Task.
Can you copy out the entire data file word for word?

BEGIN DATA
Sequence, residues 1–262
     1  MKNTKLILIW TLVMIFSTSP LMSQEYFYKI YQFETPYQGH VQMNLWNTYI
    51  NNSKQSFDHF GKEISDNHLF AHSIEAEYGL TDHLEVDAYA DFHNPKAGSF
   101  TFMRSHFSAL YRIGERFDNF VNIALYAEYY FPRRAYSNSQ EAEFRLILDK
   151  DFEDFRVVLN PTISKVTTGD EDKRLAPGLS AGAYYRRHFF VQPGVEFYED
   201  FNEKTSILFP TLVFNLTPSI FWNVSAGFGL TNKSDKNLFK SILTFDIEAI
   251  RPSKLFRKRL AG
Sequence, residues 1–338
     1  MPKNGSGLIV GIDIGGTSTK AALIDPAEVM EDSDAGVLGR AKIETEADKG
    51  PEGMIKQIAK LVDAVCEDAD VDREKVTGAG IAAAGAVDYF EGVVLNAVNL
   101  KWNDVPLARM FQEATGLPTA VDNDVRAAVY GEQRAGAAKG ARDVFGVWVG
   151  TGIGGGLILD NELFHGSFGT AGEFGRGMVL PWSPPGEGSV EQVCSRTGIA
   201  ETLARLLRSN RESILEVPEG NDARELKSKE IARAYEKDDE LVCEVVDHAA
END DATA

Sequence, residues 1–262
     1  MKNTKLILIW TLVMIFSTSP LMSQEYFYKI YQFETPYQGH VQMNLWNTYI
    51  NNSKQSFDHF GKEISDNHLF AHSIEAEYGL TDHLEVDAYA DFHNPKAGSF
   101  TFMRSHFSAL YRIGERFDNF VNIALYAEYY FPRRAYSNSQ EAEFRLILDK
   151  DFEDFRVVLN PTISKVTTGD EDKRLAPGLS AGAYYRRHFF VQPGVEFYED
   201  FNEKTSILFP TLVFNLTPSI FWNVSAGFGL TNKSDKNLFK SILTFDIEAI
   251  RPSKLFRKRL AG
Sequence, residues 1–338
     1  MPKNGSGLIV GIDIGGTSTK AALIDPAEVM EDSDAGVLGR AKIETEADKG
    51  PEGMIKQIAK LVDAVCEDAD VDREKVTGAG IAAAGAVDYF EGVVLNAVNL
   101  KWNDVPLARM FQEATGLPTA VDNDVRAAVY GEQRAGAAKG ARDVFGVWVG
   151  TGIGGGLILD NELFHGSFGT AGEFGRGMVL PWSPPGEGSV EQVCSRTGIA
   201  ETLARLLRSN RESILEVPEG NDARELKSKE IARAYEKDDE LVCEVVDHAA